I have come across a number of articles in various publications, which highlight the difficulties that individuals on the Autistic Spectrum are having when it comes to getting groceries delivered to their homes.
If you are deemed as in the high risk category by the Government, you should have been given a priority slot for deliveries, however if your health issue or disability does not fit their criteria, you have to rely on neighbours or family members to get supplies.
Autism is not in the Government list.
Getting through to your local Asda/Sainsbury/Tesco is another story, and waiting for 4 hours to be connected (or not) is average. Explaining you cannot leave home with your autistic child, to stand in a queue at the supermarket, is met with the same response, that unless you have a letter from the Government, you have to queue up with everyone else.
If only they knew the full story. It is not like, you just jump on a bus,car or train to get to the shops! Getting dressed and out the house can take an hour at least, and that is just the start of it.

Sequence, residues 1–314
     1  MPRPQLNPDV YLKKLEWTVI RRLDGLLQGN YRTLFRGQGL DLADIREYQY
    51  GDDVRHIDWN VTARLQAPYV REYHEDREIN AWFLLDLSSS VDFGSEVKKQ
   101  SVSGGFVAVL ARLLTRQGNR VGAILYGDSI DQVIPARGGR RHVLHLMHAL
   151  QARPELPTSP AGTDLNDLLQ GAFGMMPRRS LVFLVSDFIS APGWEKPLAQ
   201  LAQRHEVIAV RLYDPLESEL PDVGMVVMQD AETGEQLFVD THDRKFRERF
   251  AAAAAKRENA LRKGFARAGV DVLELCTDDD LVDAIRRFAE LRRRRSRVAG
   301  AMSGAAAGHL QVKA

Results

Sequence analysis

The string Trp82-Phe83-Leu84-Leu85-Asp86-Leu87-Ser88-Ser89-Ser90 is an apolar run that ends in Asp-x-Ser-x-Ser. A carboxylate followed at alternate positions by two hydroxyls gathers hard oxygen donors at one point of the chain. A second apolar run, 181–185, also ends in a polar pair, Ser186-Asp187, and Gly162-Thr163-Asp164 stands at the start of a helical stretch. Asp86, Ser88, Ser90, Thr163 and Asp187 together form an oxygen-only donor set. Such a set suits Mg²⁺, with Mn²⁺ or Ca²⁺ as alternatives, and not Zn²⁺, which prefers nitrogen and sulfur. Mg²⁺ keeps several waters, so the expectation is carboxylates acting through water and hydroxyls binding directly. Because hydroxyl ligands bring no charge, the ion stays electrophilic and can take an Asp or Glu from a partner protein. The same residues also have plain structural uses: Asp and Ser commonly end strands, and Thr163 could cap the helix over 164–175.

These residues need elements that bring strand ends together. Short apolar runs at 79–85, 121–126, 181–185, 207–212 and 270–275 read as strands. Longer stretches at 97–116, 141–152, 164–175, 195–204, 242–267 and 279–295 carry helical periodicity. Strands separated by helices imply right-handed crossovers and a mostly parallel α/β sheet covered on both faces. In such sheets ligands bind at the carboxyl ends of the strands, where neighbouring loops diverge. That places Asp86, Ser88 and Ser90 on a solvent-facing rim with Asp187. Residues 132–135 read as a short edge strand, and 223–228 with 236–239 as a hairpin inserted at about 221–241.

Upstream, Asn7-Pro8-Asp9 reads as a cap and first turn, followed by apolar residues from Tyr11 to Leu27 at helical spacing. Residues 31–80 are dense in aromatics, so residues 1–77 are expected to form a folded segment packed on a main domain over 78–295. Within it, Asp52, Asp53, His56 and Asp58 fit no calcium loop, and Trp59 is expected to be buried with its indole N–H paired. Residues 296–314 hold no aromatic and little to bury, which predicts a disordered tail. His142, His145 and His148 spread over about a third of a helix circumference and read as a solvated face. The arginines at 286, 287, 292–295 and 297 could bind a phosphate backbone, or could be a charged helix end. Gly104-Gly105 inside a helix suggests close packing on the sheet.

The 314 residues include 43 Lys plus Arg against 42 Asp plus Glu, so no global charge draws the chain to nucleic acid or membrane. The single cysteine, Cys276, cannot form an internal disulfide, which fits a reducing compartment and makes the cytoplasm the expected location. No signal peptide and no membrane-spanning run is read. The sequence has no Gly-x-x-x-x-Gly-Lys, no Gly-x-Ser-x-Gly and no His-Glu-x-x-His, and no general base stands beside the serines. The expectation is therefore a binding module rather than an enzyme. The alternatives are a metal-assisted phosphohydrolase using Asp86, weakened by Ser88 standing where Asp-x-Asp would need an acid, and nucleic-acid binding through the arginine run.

No mention of the fact that you have to navigate the journey by struggling to get on and off 2 buses and walk along streets, while trying to prevent your child from straying too close to anyone in the vicinity, for fear of transmission of coronavirus. Social Distancing? Not a chance!
Good news though, at last. It took a group of people in Sheffield to change the supermarkets minds.
On the 22nd May, Tesco announced that they are now allowing people with Autism to access their home delivery service. I can personally vouch for this to be the case.
Tesco customers who aren’t on the UK Government’s list can ask to access the priority slots by calling 0800 917 7359.
The change in the rules by Tesco came about after up to 300 disabled people approached Fry Law solicitors in Sheffield to help them. The Equality Act 2010 was used by the firm to help the large supermarkets revisit their policies.